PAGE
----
Technology centers such as Chennai and Bangalore are home to some super-rich Indians who can drive expensive cars and afford expensive homes. The poor are bought off and pushed further from these cities to pave way for spas, five-star hotels, golf courses, and luxury townships. This is happening in a country where 78 million homes located in rural areas cannot access electricity. The recent high economic growth rates witnessed in the recent past seem to have done little to change the situation. Analysts believe that the high level of inequalities in India threatens the long-term security of the nation (Trade chakra. Poverty in India, 2004).

India is a member of the World Trade Organization. The organization is aimed at using trade as a tool for economic development, especially for developing economies. This being the case, India is set to be a beneficiary of trade talks under the WTO. It is however increasingly becoming clear to analysts that the effect of membership to the WTO is not as intended. The developed countries are using the WTO to further suppress the developing countries. A case in point is in Agriculture. As the agreements of WTO seek to ban subsidizing agricultural production, developing countries like India have a problem increasing outputs to feed the increasing population while the developed nations continue to heavily subsidize their farmers. However, there are some benefits with fewer trade restrictions for members of the WTO. The country can successfully pursue the export-oriented strategy to development since export products can access larger markets (Sujoy, 2009, Par 7).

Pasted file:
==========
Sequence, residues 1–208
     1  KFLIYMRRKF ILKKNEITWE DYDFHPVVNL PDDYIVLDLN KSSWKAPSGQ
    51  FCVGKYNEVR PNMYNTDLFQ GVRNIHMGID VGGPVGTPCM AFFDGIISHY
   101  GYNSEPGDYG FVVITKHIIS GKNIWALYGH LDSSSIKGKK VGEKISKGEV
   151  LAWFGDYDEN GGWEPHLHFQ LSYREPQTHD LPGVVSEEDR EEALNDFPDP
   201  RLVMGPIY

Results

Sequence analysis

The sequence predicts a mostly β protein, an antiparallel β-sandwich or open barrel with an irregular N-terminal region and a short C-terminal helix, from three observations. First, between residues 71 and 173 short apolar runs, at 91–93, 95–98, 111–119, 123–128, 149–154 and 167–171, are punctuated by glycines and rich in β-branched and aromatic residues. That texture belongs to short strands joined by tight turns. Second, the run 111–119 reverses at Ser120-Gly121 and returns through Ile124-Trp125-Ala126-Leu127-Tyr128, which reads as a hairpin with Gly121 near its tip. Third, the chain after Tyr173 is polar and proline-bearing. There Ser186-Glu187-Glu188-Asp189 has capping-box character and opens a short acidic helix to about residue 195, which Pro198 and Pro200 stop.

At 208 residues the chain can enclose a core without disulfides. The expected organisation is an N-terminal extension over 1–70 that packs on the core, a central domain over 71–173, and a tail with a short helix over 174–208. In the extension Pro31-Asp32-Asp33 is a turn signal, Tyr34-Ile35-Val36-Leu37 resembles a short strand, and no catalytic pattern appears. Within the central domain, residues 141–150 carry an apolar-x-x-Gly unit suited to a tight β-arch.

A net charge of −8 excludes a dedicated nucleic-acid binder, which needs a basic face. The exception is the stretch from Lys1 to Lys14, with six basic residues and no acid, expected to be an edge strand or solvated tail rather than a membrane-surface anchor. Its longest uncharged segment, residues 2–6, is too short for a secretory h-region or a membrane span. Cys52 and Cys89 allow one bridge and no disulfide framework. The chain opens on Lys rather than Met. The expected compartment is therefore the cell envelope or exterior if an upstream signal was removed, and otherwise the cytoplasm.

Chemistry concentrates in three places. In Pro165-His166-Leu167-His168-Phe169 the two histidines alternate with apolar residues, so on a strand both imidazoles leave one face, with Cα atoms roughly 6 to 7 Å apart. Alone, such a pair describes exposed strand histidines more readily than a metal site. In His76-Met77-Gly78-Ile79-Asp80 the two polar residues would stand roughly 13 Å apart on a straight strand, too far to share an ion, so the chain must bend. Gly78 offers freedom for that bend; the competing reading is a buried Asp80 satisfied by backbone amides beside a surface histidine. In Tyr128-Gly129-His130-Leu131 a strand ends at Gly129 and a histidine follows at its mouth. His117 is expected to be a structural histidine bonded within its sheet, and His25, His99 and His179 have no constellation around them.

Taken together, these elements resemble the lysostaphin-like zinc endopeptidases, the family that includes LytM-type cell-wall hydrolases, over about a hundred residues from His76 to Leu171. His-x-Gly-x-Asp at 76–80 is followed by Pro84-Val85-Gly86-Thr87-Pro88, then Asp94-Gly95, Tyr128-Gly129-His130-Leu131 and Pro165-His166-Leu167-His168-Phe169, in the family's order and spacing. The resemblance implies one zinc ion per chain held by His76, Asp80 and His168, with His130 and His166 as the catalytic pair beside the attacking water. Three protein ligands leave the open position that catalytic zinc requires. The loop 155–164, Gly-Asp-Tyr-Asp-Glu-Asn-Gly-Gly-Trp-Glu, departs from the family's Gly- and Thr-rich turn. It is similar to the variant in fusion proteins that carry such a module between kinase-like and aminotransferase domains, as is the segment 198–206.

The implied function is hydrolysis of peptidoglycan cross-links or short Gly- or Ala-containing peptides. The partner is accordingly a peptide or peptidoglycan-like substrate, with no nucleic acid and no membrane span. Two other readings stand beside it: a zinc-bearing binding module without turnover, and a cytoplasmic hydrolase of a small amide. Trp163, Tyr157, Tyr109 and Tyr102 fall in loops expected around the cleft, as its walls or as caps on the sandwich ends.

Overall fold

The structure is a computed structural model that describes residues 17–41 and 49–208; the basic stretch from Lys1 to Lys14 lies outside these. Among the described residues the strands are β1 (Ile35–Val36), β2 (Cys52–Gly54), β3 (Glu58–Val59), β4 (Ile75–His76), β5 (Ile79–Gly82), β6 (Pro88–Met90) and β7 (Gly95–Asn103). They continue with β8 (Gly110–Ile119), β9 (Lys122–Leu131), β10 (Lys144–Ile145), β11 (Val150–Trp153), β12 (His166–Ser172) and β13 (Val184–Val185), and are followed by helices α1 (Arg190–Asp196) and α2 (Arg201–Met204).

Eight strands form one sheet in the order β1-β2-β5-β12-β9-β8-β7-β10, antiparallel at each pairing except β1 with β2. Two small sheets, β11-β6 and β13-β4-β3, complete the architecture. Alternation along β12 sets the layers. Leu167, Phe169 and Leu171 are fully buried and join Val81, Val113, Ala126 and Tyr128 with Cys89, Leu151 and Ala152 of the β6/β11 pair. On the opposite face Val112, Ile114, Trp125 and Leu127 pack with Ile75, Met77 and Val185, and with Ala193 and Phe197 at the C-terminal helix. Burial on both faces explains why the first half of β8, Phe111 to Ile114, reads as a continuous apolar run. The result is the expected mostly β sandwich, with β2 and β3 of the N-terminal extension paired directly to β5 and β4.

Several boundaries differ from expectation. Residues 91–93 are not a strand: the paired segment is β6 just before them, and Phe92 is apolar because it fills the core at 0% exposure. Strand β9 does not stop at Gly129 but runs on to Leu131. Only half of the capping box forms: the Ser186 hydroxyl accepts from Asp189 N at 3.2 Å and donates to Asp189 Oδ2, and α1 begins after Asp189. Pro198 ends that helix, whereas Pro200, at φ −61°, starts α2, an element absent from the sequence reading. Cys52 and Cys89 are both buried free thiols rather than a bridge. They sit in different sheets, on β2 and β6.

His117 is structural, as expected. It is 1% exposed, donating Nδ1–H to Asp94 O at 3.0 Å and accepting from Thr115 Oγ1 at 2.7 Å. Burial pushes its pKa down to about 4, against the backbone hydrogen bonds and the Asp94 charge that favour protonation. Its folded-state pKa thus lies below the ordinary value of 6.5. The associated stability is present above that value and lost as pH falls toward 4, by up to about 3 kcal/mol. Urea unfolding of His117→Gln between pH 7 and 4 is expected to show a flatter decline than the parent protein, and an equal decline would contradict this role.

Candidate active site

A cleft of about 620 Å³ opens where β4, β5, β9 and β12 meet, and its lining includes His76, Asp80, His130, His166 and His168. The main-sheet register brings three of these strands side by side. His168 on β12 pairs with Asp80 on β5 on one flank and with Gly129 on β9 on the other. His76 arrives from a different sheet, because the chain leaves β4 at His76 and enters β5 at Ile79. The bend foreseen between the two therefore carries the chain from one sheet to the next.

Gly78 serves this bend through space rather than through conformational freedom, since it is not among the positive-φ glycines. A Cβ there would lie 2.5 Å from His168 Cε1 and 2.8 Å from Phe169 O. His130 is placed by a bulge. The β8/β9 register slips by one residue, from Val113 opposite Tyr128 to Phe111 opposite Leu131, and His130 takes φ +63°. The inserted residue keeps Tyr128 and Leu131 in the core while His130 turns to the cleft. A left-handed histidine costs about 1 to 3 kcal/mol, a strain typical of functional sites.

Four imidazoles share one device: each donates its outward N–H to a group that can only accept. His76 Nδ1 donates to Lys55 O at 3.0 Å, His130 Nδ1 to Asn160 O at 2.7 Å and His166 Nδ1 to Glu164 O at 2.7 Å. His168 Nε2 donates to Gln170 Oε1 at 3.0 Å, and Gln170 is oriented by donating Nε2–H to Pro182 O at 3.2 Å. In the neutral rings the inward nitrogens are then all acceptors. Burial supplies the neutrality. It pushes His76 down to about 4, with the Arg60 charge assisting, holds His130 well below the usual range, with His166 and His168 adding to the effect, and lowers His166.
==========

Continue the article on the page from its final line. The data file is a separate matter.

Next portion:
The country is also a member of the ASEAN a regional agreement with the neighboring countries which has seen the scrapping of a host of tariffs for goods circulating in the region. India being a comparatively advantaged country is better able to export products to the neighboring countries hence improving revenues. Raw materials can also be cheaply sourced around the region without paying for duties. These factors have boosted the efficiencies in production in the region hence improving the international competitiveness of Indian exports.

Gender disparities prevalent in India have grave implications. Dependency rates remain some of the highest in the world. The men who are working cannot substantially save to accumulate wealth and pull out of the cycle of poverty. The implication is that the poor remain poor due to self-limitations.